Killerfish Games’ War on the Sea is heavy on simulation, so gamers looking for nonstop action will be disappointed. The game has one of the steepest learning curves I’ve ever encountered in a wargame. This isn’t like World of Warships’ arcade action. It will cater to players who enjoy long strategic planning sessions, sailing to a destination, micromanaging many aspects of an entire fleet, and finishing with a few minutes of brutal combat. Battle Fleet 2 from Capital J. Media, which offered a tactical take on WWII naval combat, was the most recent game in this genre that I really enjoyed. War on the Sea looks fantastic graphically, and the ability to switch between sea surface, air, and underwater views is a nice touch. Controlling a single plane tactically is simple, but giving orders to an air wing is far more cumbersome than necessary. For me, the most significant issue is that the ship models are not always historically accurate. In terms of control, the game treats planes almost like ships, which doesn’t work perfectly because they move so quickly. It’s easily one of the most visually appealing WWII combat simulations available, but there are some issues with ship models that need to be addressed. In some ways, aircraft controls are more difficult to master than ship controls, and having better control over your aircraft is critical. Good pilots should simply attack enemy planes, or at the very least be able to clear them to do so, rather than having to choose other planes to engage in dogfights, for example.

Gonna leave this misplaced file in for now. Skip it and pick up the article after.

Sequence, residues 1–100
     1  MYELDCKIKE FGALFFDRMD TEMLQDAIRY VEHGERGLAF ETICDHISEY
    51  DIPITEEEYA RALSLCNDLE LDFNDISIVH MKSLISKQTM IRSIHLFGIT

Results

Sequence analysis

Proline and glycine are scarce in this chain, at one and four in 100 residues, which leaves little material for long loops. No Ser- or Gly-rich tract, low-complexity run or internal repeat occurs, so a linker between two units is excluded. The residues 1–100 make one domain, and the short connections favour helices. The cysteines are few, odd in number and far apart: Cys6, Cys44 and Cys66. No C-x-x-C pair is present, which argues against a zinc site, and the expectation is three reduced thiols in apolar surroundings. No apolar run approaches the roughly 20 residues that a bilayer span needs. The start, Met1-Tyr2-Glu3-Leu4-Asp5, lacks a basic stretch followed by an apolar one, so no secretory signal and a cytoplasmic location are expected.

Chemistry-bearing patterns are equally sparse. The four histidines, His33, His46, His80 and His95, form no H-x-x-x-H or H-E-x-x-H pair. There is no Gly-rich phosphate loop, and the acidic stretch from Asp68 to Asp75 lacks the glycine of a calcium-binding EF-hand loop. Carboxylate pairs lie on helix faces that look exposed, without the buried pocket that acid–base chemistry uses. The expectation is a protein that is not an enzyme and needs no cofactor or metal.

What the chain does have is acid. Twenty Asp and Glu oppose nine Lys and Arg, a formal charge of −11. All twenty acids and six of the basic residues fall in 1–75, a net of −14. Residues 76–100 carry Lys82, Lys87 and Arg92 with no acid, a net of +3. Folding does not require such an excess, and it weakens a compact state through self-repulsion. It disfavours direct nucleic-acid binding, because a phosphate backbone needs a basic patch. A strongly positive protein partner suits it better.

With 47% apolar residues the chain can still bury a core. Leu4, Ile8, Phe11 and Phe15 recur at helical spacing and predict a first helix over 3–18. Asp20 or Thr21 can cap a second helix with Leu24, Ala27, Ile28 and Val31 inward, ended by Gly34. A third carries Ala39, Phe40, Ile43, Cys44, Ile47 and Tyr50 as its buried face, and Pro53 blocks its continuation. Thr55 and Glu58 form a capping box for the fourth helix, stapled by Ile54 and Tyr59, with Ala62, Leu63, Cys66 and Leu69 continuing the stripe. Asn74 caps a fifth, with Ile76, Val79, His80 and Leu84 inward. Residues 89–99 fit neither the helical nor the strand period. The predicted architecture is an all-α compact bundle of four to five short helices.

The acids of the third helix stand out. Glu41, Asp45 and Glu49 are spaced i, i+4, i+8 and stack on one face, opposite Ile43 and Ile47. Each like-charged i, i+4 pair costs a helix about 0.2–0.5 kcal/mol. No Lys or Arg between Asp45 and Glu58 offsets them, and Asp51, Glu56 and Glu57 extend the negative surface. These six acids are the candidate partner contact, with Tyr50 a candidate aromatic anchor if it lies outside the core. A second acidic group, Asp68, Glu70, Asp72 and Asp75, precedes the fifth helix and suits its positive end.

War on the Sea is not for everyone, but if you enjoy the type of deep strategic thinking required by the game, you could have a great time with it. It would not surprise me if Killerfish Games improves War on the Sea over time, as they have with their other titles. Even in its current state, however, it is a good game for the right type of player.
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